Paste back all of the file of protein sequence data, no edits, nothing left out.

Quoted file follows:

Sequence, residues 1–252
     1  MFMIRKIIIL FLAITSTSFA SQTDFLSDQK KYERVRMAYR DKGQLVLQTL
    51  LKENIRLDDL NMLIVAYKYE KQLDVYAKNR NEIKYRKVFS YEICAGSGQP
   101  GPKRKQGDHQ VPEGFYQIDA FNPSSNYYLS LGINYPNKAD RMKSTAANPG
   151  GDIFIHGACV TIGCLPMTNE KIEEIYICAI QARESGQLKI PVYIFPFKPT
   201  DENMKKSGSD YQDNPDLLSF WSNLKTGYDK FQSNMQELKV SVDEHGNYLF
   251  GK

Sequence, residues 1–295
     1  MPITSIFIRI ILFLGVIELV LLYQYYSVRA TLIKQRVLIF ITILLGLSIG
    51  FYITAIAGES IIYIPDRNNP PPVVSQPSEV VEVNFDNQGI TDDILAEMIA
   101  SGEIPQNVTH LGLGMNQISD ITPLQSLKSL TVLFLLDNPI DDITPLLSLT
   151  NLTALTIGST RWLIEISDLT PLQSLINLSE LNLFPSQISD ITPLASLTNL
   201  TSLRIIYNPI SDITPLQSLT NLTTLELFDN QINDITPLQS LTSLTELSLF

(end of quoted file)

Sequence, residues 1–252
     1  MFMIRKIIIL FLAITSTSFA SQTDFLSDQK KYERVRMAYR DKGQLVLQTL
    51  LKENIRLDDL NMLIVAYKYE KQLDVYAKNR NEIKYRKVFS YEICAGSGQP
   101  GPKRKQGDHQ VPEGFYQIDA FNPSSNYYLS LGINYPNKAD RMKSTAANPG
   151  GDIFIHGACV TIGCLPMTNE KIEEIYICAI QARESGQLKI PVYIFPFKPT
   201  DENMKKSGSD YQDNPDLLSF WSNLKTGYDK FQSNMQELKV SVDEHGNYLF
   251  GK

Sequence, residues 1–295
     1  MPITSIFIRI ILFLGVIELV LLYQYYSVRA TLIKQRVLIF ITILLGLSIG
    51  FYITAIAGES IIYIPDRNNP PPVVSQPSEV VEVNFDNQGI TDDILAEMIA
   101  SGEIPQNVTH LGLGMNQISD ITPLQSLKSL TVLFLLDNPI DDITPLLSLT
   151  NLTALTIGST RWLIEISDLT PLQSLINLSE LNLFPSQISD ITPLASLTNL
   201  TSLRIIYNPI SDITPLQSLT NLTTLELFDN QINDITPLQS LTSLTELSLF